Last Friday I posted a blog about how difficult and demanding my girl is.
I don’t mind admitting that in my weaker moments I want to give her away.
Ok, ok not so much give her away, but I do want to run away. Far far away.
Thankfully those weaker moments are very few and far between and usually coincide with me being tired or emotional. Or sober. (Kidding!)
The response from other mums was fantastic – let’s face it, when you’re at the coal face of toddlerhood and you have a three-year-old screaming at you from what feels like dawn till dusk, a whole bunch of mums telling you they’ve been there too is rather comforting.
We’ve all been there at the worst of it:
Picked up the wrong cuddly toy? Meltdown.
Picked out the wrong pair of socks to wear today? Meltdown.
Said her name in a manner she doesn’t approve of? Meltdown.
But I bet each and every one of those mums has that moment when they look at this child that is making them turn to drink/chocolate/blogging and thinks ‘d’you know what, despite everything – yes even despite wiping tears and snot up my work suit this morning and screaming for 10 full minutes because I poured the milk on the Cheerios the wrong way – despite all of that she is gorgeous. GORGEOUS’.
And so I feel I have given a very one-sided picture of my beautiful little girl and I want to set the record straight.
My little girl with the boy haircut and the big, brown eyes, is gorgeous.
- She has such an infectious all-encompassing love of life. Wow Daisies! Clouds! (You have no idea how much time she can take up talking about the wonder of clouds) that I sometimes feel ashamed I have grown up and become so jaded.When did running through long grass stop being laugh-out-loud fun? When did I stop thinking hide and seek was hilarious?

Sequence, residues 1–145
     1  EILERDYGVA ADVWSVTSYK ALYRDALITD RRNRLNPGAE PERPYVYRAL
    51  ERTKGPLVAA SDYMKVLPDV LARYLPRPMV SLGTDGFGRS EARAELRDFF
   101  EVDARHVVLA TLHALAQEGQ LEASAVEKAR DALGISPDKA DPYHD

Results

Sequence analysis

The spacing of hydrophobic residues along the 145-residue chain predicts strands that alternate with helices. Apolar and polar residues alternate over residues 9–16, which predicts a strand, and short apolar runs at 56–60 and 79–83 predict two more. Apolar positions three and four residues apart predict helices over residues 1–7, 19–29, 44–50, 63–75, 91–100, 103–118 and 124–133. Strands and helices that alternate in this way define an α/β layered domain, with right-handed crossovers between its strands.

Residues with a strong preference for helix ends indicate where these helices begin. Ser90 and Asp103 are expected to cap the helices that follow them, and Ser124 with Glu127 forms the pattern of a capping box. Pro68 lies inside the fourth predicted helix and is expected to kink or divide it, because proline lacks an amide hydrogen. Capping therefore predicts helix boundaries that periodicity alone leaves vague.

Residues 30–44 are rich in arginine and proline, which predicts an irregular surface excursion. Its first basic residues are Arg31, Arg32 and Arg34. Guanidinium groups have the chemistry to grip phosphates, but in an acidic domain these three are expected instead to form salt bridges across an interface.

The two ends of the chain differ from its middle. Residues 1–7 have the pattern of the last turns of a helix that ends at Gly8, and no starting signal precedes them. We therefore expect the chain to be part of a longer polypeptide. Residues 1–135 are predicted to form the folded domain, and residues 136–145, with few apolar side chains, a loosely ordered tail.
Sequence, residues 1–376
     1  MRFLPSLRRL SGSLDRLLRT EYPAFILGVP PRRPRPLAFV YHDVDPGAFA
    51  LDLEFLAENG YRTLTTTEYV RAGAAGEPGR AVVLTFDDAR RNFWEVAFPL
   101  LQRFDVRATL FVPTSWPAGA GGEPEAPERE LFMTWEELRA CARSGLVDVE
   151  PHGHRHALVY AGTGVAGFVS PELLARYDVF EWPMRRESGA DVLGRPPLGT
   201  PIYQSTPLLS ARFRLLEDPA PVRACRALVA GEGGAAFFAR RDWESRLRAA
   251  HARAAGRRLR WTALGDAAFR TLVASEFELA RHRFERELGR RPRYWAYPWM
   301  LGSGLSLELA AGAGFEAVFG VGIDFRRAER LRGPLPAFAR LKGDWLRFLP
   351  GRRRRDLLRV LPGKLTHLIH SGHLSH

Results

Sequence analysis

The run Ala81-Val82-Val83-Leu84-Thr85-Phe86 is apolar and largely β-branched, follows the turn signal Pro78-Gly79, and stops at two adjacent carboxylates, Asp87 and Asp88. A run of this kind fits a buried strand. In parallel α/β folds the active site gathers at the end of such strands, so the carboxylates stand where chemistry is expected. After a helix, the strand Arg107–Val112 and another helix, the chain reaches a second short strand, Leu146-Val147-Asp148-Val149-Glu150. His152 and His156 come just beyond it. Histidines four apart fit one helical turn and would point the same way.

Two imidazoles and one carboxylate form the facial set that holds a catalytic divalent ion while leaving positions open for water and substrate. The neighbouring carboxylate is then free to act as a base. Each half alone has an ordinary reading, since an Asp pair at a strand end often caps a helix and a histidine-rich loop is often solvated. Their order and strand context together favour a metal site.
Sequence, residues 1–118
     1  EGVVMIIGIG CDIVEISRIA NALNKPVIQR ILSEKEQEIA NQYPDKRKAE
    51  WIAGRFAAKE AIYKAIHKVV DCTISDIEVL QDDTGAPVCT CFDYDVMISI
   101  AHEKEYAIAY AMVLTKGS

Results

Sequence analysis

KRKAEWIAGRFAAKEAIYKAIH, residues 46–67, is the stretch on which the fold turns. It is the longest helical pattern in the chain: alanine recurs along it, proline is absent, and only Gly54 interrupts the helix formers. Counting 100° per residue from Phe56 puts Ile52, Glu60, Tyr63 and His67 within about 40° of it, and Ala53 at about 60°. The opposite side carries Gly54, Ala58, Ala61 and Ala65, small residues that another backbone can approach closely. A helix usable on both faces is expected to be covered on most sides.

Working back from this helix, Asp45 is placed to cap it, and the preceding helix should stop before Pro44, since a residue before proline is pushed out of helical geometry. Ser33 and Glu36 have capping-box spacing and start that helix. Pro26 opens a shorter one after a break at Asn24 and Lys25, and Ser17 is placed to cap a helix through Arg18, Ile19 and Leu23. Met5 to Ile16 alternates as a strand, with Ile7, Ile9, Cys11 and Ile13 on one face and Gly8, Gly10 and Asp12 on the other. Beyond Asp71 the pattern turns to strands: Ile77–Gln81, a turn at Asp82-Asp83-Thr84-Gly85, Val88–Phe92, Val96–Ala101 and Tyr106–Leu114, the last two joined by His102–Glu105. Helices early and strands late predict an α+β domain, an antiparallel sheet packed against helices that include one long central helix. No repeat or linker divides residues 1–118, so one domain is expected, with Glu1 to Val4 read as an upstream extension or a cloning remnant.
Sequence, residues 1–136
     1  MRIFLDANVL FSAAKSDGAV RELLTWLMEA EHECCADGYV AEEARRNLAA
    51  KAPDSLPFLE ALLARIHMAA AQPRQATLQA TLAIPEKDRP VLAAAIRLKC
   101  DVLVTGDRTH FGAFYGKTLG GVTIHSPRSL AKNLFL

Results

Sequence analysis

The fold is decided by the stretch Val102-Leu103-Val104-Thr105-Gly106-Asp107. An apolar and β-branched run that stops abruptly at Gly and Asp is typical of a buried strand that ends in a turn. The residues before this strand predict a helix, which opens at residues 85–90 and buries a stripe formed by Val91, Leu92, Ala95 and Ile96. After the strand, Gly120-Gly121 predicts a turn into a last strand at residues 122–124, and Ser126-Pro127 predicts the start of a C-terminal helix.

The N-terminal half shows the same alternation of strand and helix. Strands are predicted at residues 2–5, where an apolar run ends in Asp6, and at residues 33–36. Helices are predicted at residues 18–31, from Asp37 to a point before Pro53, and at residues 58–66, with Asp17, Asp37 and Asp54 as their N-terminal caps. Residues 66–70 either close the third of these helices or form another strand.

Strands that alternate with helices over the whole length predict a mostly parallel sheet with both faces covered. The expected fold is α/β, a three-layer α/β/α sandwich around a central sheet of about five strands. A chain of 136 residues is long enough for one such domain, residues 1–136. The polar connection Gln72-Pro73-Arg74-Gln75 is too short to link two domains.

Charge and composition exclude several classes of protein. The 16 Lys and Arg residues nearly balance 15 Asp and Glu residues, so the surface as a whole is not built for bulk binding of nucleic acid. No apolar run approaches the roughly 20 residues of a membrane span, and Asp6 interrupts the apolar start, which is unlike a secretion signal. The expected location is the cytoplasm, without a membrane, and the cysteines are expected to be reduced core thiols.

- She makes my heart swell – I mean actually swell – when she climbs as far as she can in to my lap while we’re reading We’re Going On A Bear Hunt because she knows the big, brown bear is coming.
- Her face is so amazingly expressive.
- She adds a little cock of the head and raises her eyebrows and is utterly irresistible. Just ask her daddy. He is total putty in her hands.
- She adores her older brother. I mean really adores him. I find them some mornings sat together in Daniel’s bed reading. He’s telling her a story, while she hangs on his every word.
- I love the way she greets me every afternoon when I pick her up from nursery, like I’m the most important person in the whole world. She runs from across the room with her arms in the air and shouts out with unabandon joy “mummy!” like the best thing that could ever happen to her at that moment is for her mummy to show up.
- And then I pick her up and she squeezes so so tight and while I’m talking to the staff she straightens my collar and plays with my hair and all the whole she’s gazing at me with absolute love. Then when we’re done, she proudly tells everyone: “this is my mummy!”
- I love the way she can lift my spirits at the end of the day by trying to sing along to Red Hot Chilli Peppers in the back of the car, while head banging her little head to the beat.
- I love the way she runs around the house naked all wild and free and deleriously happy, with just her pink Miffy baseball cap on.
- And the way she jumps on our bed with the biggest grin on her face like it’s the most fun thing in the whole world. Ever. And she’s been to Legoland so she has something to compare it to.
- I love the way she mothers Baby, her plastic baby doll, wrapping her arms around her as they watch the telly together or tenderly putting a cold compress on her head after she’s whacked it on the door frame as they walked past.
- I love that she is difficult and unique and has made me try really really hard to be a better mother. So what if I can’t remember the last time I actually got to go to the toilet on my own or slept a whole night through? I get to witness you growing, learning and embracing life and that’s reward enough for me.
- Mia, you are such a difficult, complex child and I am so very proud to be your mother. And through all the frustration, the shouting and the pleading, you should know that your daddy and I think you are the greatest little girl in the whole wide world and we wouldn’t change you for anything.
Well, maybe the demonic screaming bit . . .